Manufacturing program opens doors for Synergy students

EAST HARTFORD — Two Synergy High School seniors, who once lacked the drive to graduate and find a career, have completed a rigorous pre-apprenticeship manufacturing program and landed entry-level positions at Advanced Composites & Metalforming Technology.

At a celebratory ceremony held at Synergy Alternative High School on Friday, 13 students received certificates for completing a 72-hour online training program called ToolingU. Two seniors, Olivia Hernandez and Faviela Delgado, completed an additional 72 hours working as pre-apprentices at ACMT and have signed work commitment letters to work there after graduation.

The Connecticut Center for Advanced Technology Inc. coordinates the pre-apprenticeship training program, which aims to prepare alternative high school students for entry-level manufacturing jobs while paying students as part-time interns.

Participating companies, including ACMT, Spartan Aerospace in Manchester, and Triumph Manufacturing in East Hartford, helped put together a curriculum for the program.

At Friday’s event, Synergy Principal Craig Outhouse said that nearly 40,000 students are disengaged and disconnected in the state, while thousands of unfilled manufacturing jobs need to be filled.

The pre-apprenticeship program allows students to learn facets of manufacturing they’re interested in, and Outhouse found that manufacturing students had higher attendance rates and grade-point averages, and were better prepared for careers.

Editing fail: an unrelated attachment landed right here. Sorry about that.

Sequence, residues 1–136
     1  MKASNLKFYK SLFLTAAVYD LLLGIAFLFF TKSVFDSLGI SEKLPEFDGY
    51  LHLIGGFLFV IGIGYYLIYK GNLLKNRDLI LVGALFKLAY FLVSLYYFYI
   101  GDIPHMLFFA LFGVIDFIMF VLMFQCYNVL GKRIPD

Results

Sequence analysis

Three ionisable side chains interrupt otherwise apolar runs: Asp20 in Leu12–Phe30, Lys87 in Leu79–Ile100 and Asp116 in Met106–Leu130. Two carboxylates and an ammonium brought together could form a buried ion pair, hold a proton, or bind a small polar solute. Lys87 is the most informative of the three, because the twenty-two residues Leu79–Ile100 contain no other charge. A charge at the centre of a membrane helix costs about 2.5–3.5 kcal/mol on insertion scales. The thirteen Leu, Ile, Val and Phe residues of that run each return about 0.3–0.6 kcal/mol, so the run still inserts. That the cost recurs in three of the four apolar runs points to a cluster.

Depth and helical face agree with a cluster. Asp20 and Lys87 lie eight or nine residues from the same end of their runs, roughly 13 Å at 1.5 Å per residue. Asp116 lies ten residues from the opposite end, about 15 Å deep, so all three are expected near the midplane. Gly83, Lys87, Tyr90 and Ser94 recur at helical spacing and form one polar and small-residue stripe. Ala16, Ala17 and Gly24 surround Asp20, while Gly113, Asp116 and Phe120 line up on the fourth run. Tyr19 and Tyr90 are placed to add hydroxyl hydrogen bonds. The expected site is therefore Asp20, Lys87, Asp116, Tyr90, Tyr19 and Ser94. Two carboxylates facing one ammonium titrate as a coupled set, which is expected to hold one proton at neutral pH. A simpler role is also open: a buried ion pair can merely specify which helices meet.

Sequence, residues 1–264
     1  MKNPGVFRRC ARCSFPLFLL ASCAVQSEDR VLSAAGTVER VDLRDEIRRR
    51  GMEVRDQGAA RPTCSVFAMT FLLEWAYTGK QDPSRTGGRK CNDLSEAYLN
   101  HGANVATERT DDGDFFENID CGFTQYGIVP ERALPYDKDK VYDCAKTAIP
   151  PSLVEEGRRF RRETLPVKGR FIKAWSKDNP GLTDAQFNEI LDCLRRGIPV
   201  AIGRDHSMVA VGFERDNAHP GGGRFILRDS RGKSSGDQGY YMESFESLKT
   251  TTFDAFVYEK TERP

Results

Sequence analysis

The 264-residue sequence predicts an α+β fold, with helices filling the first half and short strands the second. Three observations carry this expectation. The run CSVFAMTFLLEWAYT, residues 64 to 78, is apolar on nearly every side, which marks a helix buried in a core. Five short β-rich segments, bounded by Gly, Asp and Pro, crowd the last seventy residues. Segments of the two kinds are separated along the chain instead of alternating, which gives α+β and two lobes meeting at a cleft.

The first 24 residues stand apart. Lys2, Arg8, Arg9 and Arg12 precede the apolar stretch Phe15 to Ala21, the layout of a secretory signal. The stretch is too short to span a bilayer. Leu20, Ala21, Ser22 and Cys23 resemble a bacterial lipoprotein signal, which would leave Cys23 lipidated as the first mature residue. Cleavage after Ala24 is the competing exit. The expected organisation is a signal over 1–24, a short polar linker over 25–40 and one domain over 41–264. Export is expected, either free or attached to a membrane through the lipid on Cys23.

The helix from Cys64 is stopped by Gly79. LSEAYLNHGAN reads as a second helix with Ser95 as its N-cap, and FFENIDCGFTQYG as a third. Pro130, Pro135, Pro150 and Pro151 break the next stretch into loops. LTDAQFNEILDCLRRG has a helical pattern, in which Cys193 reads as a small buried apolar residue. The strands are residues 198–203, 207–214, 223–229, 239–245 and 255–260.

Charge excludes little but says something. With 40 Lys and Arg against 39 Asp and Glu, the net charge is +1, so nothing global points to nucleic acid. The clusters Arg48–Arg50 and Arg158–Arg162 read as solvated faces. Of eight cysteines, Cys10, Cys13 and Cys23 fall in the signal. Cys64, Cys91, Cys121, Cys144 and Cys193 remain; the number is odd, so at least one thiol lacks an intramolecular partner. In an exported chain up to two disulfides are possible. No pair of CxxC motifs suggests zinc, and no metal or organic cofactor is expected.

Career Development Coordinator Dan Rios said he was impressed by the students’ drive and character, adding that they exceeded expectations by scoring 85 percent or higher on their training evaluations.

Both Hernandez and Delgado transferred to Synergy from East Hartford High School and didn’t know what the future held for them.

“Back then, I didn’t have a future,” Hernandez said, adding that she didn’t know if she’d be able to finish her classes.

Outhouse said that Hernandez needed help finding a path to graduation a year ago, but so much has changed through her involvement in manufacturing. Both women worked in the composites department at ACMT.

She and the other students were given a leg up, Hernandez said, and manufacturing opened doors to them.

The two were chosen for the pre-apprenticeship program based on their grades, and were unsure if they were up to the challenge, but said they ended up enjoying and thriving at ACMT over 3½ months.

“I enjoyed every second of it,” Hernandez said.

Jeffrey Pearce of Education and Workforce Development at CCAT, who oversaw the seniors’ work, said they were unsure of the opportunity at first but over time began putting in their best effort. They “buckled down,” he said, and saw clear improvements in their attendance and attention.

Very few students who participate in the pre-apprenticeship program have any job experience, so it’s a new area of study for them, Pearce said.

Allan Lehrer, president of Spartan Aerospace, said that pre-apprentices can test out various areas within manufacturing to find their passion, such as welding, laser operating, or machines. The program gives them a leg-up to compete with college graduates.

Pre-apprentices are “getting their feet and hands dirty,” he said, becoming valuable employees by learning differently.